You said to Bob, "Your concept of "manipulated"
is an interesting one. Do
you consider James Balog's new book "manipulated"
images of trees. How
about those images of roots descending into the abyss in the
SUBTERREANEA? How about my stuff made of three separate images.
Adams' images manipulated? Mark Klett? Michael Kenna? Linda
don't know who most of these people are off the top of my head.
find them by looking on the internet. I would say Asel Adam's
his images. I would guess the others are as well. The stitched images are
manipulated - I do many of them myself. The images you sent for
website are in black and white, that is definitely a
manipulation of the
image as eliminates color from the photograph. Black and White
is making a
comeback these days. That is a fine thin, because it allows you
emphasize form, shape, texture, and contrast over color. Many images are
much more powerful in that form. But yes these are
There was a nice discussion on the rec.photo.technique.nature
discussion list a few years ago by a group pushing the idea that
having their photos labeled as not digitally manipulated. I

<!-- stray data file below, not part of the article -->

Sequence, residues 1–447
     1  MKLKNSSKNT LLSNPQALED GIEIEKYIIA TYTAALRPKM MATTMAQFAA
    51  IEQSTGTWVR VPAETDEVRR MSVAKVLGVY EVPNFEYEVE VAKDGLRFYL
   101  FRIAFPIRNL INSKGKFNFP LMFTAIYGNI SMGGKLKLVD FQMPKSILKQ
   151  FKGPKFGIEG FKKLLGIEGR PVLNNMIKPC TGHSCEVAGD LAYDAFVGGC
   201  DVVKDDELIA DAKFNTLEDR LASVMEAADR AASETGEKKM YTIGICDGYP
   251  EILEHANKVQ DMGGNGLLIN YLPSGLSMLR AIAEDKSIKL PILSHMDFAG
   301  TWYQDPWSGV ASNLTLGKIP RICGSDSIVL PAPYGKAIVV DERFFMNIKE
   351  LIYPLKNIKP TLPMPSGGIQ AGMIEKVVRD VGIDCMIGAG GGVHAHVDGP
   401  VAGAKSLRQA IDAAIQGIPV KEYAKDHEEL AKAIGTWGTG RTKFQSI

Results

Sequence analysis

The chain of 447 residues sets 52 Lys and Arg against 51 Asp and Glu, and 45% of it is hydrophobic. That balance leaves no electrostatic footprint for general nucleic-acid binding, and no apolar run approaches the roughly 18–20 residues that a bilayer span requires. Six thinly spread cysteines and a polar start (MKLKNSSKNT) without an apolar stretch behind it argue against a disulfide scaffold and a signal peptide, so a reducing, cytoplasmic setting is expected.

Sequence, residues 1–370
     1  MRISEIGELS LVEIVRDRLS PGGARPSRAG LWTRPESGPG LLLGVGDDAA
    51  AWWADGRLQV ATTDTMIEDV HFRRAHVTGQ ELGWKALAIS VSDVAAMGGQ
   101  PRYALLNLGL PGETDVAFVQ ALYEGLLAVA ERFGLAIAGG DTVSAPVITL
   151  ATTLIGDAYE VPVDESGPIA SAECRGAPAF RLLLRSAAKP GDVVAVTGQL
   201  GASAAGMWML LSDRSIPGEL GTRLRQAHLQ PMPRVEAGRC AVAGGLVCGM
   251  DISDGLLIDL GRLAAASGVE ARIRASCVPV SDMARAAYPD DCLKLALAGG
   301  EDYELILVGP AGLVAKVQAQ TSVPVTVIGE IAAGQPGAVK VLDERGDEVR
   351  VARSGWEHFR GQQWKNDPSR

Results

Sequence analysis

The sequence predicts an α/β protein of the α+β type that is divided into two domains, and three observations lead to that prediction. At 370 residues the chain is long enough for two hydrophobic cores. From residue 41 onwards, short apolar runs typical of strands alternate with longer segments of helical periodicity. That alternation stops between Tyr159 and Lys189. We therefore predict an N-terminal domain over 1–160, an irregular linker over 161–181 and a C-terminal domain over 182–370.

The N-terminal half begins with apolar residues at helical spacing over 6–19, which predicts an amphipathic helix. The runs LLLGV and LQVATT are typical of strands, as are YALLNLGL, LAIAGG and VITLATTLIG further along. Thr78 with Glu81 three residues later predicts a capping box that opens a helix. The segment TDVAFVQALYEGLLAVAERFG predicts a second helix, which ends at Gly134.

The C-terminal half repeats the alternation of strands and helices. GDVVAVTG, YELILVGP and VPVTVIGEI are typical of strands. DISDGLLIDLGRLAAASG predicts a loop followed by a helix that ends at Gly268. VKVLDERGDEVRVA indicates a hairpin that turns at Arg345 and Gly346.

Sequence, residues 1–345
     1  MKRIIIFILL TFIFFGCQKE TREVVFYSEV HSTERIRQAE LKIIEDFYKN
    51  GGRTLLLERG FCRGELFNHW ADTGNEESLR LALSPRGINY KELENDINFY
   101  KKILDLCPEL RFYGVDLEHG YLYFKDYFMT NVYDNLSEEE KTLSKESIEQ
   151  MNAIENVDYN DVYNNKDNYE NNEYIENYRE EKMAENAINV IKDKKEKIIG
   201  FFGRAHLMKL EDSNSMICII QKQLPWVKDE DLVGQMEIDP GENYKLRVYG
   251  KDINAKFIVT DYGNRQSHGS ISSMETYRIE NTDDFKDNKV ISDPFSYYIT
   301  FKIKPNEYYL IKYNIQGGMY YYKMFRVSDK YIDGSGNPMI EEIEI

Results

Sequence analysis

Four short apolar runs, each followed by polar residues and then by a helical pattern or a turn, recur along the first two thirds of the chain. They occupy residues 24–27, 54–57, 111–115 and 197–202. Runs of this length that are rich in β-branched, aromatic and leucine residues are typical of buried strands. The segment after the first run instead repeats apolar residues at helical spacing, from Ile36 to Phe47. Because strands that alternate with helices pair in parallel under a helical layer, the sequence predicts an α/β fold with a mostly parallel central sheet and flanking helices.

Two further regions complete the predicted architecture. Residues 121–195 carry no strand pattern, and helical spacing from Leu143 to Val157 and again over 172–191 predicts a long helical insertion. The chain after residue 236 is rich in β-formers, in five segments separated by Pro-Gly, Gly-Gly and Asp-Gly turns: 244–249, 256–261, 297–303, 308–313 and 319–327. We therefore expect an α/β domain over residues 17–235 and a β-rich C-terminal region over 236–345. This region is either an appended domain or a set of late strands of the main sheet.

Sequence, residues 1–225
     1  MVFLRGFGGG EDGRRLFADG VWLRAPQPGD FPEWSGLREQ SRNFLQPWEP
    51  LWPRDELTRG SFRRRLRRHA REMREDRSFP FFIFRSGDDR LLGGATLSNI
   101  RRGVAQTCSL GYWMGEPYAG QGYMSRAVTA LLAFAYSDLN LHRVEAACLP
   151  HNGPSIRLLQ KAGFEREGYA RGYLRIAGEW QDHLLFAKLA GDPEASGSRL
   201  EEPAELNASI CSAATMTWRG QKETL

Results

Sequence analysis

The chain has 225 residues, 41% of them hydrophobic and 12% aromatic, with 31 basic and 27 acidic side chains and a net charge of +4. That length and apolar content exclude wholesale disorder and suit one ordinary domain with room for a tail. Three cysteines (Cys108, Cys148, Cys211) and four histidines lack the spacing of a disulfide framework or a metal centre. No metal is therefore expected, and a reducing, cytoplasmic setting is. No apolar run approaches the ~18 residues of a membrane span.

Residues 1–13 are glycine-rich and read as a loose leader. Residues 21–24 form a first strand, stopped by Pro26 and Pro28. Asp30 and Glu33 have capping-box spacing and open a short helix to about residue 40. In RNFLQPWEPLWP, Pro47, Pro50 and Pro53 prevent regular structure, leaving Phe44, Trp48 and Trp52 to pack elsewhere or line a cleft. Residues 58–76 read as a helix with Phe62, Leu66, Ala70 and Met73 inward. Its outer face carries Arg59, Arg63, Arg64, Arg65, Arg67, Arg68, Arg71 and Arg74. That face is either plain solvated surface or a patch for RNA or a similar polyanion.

thought ut was
funny considering how many other ways they were choosing to
alter how the
final image would appear - a representation of reality as
reality. Alteration of an image to my mind is something
don't feel in nature photography that objects should be
digitally added or
subtracted from an image to make it look more
"perfect." I don't think
parts of the image should be stretched and elongated beyond
distortion to create an image. I don't think objects should be
from different skies, different foregrounds, and different
subject to make
a perfect nature image. These are perfectly valid forms of
art, but it is not to my mind nature photography. Honest nature
photography may emphasize certain aspects of an image, but
should not be
adding elements that are not there, and should not be removing
are to attain a more banal image.
Beartown Rocks/Photography MY TAKE
02, 2005 19:29 PST
Well said, Ed. As with all forms of art, the piece- whether it
be clay, oil,
paper, a CD, or a photo- are all personal representations of
reality. I like some, hate others. It is all personal and just
as an oil
painter painting a scene can add one more brush stroke or not